The conflict had reached the point of Civil War.
The Economic Dimension
There was a crucial element in the history of the young United States that could have shifted the battle lines dramatically, and perhaps allowed us to avoid the Civil War—an element which Wilentz ignores. That element was the nature of national economic policy.
Bluntly put, if the American System policy of Alexander Hamilton, John Quincy Adams, Mathew Carey, Henry Clay, and their allies had been carried out, the slave plantation system would have met an early death. The American System called for promoting manufacturing, building modern infrastructure, increasing technology, and investing in increasing the productive powers of labor. It was the antithesis of a “cheap labor” policy, of which slave labor is merely the most extreme example. And, in fact, it was when such American System policies were in effect, that the U.S. economy grew by leaps and bounds—not due to slavery.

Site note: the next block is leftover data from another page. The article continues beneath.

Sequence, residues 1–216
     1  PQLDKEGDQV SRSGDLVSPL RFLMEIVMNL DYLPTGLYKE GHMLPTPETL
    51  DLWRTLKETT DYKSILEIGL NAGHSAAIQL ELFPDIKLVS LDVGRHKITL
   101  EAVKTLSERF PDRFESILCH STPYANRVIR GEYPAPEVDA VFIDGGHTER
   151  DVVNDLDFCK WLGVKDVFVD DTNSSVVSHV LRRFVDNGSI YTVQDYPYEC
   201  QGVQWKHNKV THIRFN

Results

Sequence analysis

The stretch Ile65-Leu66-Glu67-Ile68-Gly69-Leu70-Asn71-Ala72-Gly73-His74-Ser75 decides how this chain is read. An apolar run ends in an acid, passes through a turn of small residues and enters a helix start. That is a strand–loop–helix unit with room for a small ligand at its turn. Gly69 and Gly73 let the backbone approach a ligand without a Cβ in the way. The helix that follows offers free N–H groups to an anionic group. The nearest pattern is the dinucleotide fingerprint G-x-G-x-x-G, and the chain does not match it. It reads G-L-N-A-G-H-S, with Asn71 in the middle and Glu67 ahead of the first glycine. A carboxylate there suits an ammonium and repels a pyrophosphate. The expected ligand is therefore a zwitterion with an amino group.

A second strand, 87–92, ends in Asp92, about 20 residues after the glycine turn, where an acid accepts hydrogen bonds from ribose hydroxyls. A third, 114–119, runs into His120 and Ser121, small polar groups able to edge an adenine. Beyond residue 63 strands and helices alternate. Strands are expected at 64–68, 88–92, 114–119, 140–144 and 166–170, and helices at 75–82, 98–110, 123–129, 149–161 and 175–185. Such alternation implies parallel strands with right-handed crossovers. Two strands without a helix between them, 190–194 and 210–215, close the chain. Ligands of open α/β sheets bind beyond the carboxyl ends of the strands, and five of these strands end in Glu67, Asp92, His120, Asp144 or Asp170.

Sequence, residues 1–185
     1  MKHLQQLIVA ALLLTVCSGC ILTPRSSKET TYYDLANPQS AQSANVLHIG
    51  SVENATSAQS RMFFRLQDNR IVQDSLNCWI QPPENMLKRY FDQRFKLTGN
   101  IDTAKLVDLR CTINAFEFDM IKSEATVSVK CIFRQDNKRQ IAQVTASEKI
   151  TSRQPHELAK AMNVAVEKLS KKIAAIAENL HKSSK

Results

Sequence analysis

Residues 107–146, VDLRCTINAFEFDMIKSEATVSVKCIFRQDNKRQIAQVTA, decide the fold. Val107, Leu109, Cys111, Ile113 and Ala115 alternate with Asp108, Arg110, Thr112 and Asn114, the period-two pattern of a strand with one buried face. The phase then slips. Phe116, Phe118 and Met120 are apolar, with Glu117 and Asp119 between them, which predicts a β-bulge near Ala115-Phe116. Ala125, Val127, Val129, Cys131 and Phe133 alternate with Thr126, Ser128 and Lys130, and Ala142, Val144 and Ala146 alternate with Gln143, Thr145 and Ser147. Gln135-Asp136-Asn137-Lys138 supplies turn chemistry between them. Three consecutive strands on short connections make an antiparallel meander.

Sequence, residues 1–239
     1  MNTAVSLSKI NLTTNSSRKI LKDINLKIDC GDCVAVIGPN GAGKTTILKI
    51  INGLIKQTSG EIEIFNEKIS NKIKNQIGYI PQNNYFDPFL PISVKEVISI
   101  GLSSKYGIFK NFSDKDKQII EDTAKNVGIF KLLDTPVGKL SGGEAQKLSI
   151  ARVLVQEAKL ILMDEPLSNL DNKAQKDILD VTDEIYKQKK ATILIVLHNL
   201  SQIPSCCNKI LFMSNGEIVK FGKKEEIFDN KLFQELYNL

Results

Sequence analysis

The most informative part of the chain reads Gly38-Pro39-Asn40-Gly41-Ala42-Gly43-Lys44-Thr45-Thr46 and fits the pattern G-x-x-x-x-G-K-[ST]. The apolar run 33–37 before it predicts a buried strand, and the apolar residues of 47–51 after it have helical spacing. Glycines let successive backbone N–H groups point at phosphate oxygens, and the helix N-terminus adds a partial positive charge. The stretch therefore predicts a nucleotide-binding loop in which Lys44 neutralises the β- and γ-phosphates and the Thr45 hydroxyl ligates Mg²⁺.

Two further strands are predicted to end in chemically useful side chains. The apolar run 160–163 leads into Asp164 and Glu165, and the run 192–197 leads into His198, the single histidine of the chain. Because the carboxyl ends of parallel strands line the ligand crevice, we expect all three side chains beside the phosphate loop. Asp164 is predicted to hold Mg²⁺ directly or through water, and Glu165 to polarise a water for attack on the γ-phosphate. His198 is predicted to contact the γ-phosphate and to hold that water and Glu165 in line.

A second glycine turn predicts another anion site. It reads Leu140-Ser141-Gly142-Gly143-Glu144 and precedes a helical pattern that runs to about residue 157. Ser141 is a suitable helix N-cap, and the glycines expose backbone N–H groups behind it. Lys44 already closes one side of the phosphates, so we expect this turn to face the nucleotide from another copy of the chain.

Economist Henry Carey elaborated this argument at length in his writings; he argued that it was especially the policies of the Jackson Administration—under which the policies of protection and national banking were destroyed—that were responsible for the strengthening of the pro-slavery forces, and thus the Civil War. Wilentz makes a glancing reference to Carey’s argument as “discredited” (referring, in particular, to the abandonment of the tariff), but by doing so he is bowdlerizing Carey’s argument by reducing his broad American System policy to just the tariff.
Hamilton’s American System, which was explicitly anti-slavery as well as pro-industry, was constantly sabotaged over the period following the Washington Administration. The Jefferson Administration was hostile to Federal support for industry and infrastructure, and—until forced into restoring the Bank of the United States by the devastation of the War of 1812—so was Madison. Their economic policies perpetuated slavery and pushed for its expansion. This was the exact opposite of the policies of their fellow slave-holder, George Washington, who was fighting to establish an industrial republic to replace a slave-based society.
The omission of this economic dimension is crucial to be corrected today. Returning to an American System approach to addressing the problems in the U.S. and world economy is a sine qua non for redressing the social evils of society, including the legacy of slavery and the Civil War.
 Wilentz uses the term abolitionists to characterize those who so described themselves, even if they were gradualists. I have followed this practice.